Aggregation should solve the complexity of consistency. Therefore, it is unnecessary to put all three consistencies in the same aggregation that does not break them. Aggregation only consisting of one business concept, such as the class names, attributes, and the Id objects mentioned shortly in the domain model, is the majority in the object-oriented scenario.
According to the analysis above, in the example of purchase requisition, some attributes of purchase requisition, such as status, submission time, and purchase item, belong to one aggregation. However, products and users cannot be part of this aggregation. So, how are these aggregations correlated? A new value object was introduced to solve this problem, as shown in the following figure. The figure also specifies whether the object is a value or an entity.
Figure 7 – Refined Encapsulation Aggregation
In the aggregation of purchase requisition, besides the aggregate root of a purchase requisition is an entity object, other objects, including Id objects referenced externally. belong to value objects.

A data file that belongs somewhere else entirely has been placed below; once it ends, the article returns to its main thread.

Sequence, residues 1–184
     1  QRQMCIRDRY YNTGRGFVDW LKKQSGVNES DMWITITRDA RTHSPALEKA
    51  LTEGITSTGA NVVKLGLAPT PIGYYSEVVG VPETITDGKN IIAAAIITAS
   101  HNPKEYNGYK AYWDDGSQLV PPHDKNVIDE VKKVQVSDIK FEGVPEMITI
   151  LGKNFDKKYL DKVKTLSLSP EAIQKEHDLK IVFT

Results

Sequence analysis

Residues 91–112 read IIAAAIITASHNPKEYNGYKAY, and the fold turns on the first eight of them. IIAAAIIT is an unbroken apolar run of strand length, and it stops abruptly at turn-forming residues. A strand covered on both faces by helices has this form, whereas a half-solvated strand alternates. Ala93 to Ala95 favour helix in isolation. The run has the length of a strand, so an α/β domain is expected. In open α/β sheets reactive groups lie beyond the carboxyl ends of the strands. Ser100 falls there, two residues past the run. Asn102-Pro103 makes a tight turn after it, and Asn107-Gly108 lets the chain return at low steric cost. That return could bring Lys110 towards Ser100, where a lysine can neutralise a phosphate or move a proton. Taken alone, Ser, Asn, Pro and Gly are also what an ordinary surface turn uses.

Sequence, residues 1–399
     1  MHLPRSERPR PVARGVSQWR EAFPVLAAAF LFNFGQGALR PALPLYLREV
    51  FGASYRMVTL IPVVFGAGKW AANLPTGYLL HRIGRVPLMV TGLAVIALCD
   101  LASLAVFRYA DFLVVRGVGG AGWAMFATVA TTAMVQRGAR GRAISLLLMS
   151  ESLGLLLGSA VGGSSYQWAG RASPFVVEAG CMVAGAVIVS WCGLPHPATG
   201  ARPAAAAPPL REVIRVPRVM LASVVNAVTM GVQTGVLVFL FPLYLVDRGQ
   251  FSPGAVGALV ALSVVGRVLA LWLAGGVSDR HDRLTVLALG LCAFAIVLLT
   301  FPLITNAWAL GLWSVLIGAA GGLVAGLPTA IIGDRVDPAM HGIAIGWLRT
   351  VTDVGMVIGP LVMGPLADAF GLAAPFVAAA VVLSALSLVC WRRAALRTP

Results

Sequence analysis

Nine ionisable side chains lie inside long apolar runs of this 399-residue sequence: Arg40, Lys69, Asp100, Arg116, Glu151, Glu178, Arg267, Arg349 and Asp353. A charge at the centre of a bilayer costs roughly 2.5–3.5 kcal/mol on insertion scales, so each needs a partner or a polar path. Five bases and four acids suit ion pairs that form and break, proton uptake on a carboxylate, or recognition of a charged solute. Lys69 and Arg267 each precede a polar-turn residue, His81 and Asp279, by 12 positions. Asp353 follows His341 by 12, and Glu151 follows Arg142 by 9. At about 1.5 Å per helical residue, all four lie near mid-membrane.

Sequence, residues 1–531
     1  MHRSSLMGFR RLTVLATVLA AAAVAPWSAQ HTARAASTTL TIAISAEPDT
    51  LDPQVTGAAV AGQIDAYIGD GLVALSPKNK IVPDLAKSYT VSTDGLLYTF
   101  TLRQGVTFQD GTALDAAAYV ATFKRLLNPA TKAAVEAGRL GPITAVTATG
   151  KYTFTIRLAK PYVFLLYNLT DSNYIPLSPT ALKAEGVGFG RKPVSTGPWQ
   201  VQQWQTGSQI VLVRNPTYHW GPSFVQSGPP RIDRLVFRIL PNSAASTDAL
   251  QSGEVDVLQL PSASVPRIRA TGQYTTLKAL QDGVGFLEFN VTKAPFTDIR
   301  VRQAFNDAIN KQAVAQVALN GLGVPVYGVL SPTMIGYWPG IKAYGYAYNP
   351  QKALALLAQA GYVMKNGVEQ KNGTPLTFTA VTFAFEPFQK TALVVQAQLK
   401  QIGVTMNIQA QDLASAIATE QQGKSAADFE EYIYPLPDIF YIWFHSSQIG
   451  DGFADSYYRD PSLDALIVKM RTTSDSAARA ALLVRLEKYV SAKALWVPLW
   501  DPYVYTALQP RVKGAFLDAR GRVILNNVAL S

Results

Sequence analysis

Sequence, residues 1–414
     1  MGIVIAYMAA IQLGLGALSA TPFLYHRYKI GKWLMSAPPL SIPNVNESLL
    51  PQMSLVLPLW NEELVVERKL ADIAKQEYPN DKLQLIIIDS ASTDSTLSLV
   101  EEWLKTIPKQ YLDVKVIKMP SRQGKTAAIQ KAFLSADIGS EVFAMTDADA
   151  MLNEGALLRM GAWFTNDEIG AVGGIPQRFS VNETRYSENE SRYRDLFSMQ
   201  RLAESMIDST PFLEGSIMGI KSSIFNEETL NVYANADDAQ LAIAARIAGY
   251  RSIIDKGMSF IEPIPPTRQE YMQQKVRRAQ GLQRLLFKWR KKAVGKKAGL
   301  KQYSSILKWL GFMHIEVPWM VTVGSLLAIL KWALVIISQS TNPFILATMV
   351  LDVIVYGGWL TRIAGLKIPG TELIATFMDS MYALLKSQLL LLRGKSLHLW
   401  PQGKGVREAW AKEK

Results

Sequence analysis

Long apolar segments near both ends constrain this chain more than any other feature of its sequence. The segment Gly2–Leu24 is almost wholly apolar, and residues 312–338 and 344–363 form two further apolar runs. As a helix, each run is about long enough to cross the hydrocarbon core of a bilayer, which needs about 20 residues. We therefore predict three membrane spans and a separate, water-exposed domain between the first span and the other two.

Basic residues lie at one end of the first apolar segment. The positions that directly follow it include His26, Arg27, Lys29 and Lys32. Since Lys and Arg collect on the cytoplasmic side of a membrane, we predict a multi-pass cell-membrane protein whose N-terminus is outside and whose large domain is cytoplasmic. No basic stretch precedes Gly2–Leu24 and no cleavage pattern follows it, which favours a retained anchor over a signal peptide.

The corresponding code is listed below:
The introduction of the Id value object is a problem worth discussing.
The introduction of the Id object can stop aggregation and accelerate the speed of the query. However, the information inevitably needs to be queried for the second time in some scenarios. Moreover, the traversal of the EagerFetch/LazyFetch loading mechanism of ORM cannot be used. Is this a loss? The answer is no. Do not covet the so-called convenience brought by nested levels of objects that do not belong to an aggregate because it causes far more trouble than benefits. This kind of problem should be solved by external services, such as application layer services.